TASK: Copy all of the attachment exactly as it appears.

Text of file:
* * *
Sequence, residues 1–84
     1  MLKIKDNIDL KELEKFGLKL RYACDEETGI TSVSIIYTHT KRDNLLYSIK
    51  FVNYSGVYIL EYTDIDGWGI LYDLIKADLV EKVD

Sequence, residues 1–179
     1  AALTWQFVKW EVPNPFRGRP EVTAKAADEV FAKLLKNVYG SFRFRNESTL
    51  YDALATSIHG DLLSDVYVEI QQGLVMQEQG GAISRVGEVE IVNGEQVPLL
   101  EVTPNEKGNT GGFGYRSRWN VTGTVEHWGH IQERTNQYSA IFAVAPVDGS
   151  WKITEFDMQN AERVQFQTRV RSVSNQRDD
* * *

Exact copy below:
Sequence, residues 1–84
     1  MLKIKDNIDL KELEKFGLKL RYACDEETGI TSVSIIYTHT KRDNLLYSIK
    51  FVNYSGVYIL EYTDIDGWGI LYDLIKADLV EKVD

Sequence, residues 1–179
     1  AALTWQFVKW EVPNPFRGRP EVTAKAADEV FAKLLKNVYG SFRFRNESTL
    51  YDALATSIHG DLLSDVYVEI QQGLVMQEQG GAISRVGEVE IVNGEQVPLL
   101  EVTPNEKGNT GGFGYRSRWN VTGTVEHWGH IQERTNQYSA IFAVAPVDGS
   151  WKITEFDMQN AERVQFQTRV RSVSNQRDD